I don’t want to beat anyone up. I don’t. I’m not a fan of pitchforks and torches or ripping people to shreds. I just want to get the facts straight. That’s all I’m asking. That’s all any Warrior Mom asks.

This story, originating from Disney’s BabyZone and republished on Yahoo Shine, strays from the facts. It lends credence to the idea that women with PPD are dangerous:

“Over and over, it seems that when women are involved in acts of violence, often harming their own children, PPD is the root. (The US Department of Justice reports that only 20% of violent crimes involve female offenders. That’s not to say it never happens but statistically speaking, it just doesn’t seem to be in our makeup.) PPD is the silent, scary and a very real threat lurking in family homes across the country. My point is not that any one of us could suddenly snap. My point is that too many of us do.”

I’m sure the author was trying to help, but PPD is not and never has been nor ever will be the “root cause” of women harming their children.  This kind of commentary is completely misinformed, and it’s the reason why so many mothers are afraid to reach out for help when they are suffering.

Then there was NBC’s “Today Show” guest  Jennifer Hartstein saying, on national TV, that “postpartum depression has led mothers to kill their children.” NOPE. SORRY.

For the record I’m employed, proudly, by Disney as a writer for Babble, but I have to call it out when someone, either on purpose or inadvertently, makes it seem as though postpartum depression means “any one of us could suddenly snap.” It’s wrong to stigmatize moms with PPD in this way. It’s true that perinatal mood and anxiety disorders can and do affect every kind of woman. It doesn’t matter if you’re a younger mom or an older one, with a high school education or a graduate degree, a mother who lives in the city or the countryside, or one with lots of money or limited funds. These illnesses can happen to anyone. Still, we’re not all lurking outside the proverbial shower curtain, ready to “snap,” a la the movie “Psycho.” The fact is that mothers with postpartum depression do not harm their children.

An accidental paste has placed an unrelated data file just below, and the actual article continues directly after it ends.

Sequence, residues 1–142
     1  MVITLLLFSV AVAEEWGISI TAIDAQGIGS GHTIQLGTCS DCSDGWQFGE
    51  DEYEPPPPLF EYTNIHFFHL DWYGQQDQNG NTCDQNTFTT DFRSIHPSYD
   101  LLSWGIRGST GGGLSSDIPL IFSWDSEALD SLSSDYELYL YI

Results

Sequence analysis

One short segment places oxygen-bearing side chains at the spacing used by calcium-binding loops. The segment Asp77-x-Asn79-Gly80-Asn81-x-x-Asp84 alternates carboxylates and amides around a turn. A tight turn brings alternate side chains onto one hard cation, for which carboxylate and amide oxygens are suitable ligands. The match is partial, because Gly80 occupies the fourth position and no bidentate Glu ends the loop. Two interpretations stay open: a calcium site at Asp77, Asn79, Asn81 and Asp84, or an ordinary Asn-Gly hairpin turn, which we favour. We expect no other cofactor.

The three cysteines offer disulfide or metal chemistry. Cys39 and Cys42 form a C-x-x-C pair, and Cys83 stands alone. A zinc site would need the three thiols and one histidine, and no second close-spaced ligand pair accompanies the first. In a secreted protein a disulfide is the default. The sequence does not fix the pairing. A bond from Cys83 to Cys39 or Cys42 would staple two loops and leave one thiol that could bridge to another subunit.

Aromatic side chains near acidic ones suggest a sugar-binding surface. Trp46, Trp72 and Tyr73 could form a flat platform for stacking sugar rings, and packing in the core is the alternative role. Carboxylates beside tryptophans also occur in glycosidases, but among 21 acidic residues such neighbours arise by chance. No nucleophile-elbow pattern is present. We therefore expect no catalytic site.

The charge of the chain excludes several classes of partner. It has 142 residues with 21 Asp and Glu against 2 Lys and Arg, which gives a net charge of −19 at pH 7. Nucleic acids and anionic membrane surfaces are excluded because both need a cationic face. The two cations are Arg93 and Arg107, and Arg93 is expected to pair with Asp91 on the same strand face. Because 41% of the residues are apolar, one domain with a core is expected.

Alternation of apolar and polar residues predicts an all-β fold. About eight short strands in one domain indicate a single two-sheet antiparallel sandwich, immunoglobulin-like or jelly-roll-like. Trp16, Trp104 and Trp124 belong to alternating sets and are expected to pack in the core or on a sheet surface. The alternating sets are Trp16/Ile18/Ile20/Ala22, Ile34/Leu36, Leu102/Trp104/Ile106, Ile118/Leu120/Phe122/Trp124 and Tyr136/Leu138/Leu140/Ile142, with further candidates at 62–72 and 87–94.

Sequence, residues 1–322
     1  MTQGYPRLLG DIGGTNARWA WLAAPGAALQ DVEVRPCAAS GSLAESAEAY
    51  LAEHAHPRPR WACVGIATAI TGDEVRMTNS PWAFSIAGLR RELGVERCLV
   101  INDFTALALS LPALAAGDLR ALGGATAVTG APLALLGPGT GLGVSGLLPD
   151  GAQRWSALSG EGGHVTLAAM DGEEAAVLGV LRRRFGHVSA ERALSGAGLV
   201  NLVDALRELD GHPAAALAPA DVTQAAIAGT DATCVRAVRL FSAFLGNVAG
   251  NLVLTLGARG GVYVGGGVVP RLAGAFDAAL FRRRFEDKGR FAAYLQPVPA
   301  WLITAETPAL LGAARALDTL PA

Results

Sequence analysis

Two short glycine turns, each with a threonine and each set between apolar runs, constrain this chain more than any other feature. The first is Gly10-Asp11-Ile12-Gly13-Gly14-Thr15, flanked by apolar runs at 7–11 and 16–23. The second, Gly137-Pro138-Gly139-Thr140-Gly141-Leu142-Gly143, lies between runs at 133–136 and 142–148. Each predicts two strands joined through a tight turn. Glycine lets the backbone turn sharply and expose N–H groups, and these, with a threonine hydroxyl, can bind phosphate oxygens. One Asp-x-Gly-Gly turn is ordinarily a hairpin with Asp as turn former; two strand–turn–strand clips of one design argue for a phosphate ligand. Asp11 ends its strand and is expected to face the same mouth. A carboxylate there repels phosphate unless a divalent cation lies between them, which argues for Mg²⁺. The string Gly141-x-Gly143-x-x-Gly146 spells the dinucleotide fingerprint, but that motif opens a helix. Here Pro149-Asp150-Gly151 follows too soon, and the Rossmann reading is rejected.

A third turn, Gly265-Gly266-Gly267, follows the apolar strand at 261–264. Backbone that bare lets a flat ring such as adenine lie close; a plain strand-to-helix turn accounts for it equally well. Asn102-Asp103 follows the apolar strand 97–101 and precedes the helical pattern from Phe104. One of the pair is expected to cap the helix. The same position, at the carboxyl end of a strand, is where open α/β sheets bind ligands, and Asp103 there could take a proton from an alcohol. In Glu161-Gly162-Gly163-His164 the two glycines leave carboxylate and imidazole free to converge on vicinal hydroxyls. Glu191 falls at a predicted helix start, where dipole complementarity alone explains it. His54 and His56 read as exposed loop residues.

Some moms, a very small percentage, with a different illness called postpartum psychosis, may harm their children. It’s certainly not a guarantee that they will, and I know many, many wonderful mothers who have experienced postpartum psychosis who are great people and have never hurt a flea. It’s just that certain symptoms of postpartum psychosis — delusions and hallucinations — have the potential, if the illness is untreated, to lead a mom to believe she has to do certain things or behave in certain ways that she would never do otherwise.  This is why there is a 5% rate of infanticide or suicide among mothers with postpartum psychosis. While the rate is very low, since the potential outcome is tragedy we must take every case of postpartum psychosis seriously and provide all the help and support possible to the moms who have it.

Whenever I see in the news that a mom with postpartum psychosis has carried out an act of violence it makes me angry that she wasn’t protected from her illness. What happened to Miriam Carey, the mother who was shot in DC last week, is tragic. She’s a victim of postpartum psychosis just as much as anyone else who might have been harmed by her, but most people would rather just lock her up and throw away the key than face the fact that she has fallen, needlessly, through the cracks.

We have to do better, and portraying mothers who have perinatal mood or anxiety disorders with words like “threat,” “lurking,” “violence,” and “snap” isn’t doing better. This type of rhetoric only serves to further stigmatize moms for an illness they didn’t ask for and didn’t cause. It’s got to stop.

Here, by the way, is a media outlet that got it right: Three Things To Know About Postpartum Depression. Thank you Boing Boing and Maggie Koerth-Baker. Thank you for knowing how important it is to get the facts straight.